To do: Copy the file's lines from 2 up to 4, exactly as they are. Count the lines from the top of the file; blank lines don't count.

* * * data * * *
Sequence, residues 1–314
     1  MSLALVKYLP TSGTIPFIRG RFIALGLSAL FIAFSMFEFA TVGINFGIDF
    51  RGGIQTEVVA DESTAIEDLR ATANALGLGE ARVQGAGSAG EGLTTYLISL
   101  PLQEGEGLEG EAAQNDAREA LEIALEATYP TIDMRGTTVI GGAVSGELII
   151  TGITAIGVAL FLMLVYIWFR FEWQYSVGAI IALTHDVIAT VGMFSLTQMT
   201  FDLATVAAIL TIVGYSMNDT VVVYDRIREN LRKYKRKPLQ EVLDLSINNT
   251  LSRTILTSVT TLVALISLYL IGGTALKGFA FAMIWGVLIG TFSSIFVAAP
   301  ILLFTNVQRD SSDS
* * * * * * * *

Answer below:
     1  MSLALVKYLP TSGTIPFIRG RFIALGLSAL FIAFSMFEFA TVGINFGIDF
    51  RGGIQTEVVA DESTAIEDLR ATANALGLGE ARVQGAGSAG EGLTTYLISL
   101  PLQEGEGLEG EAAQNDAREA LEIALEATYP TIDMRGTTVI GGAVSGELII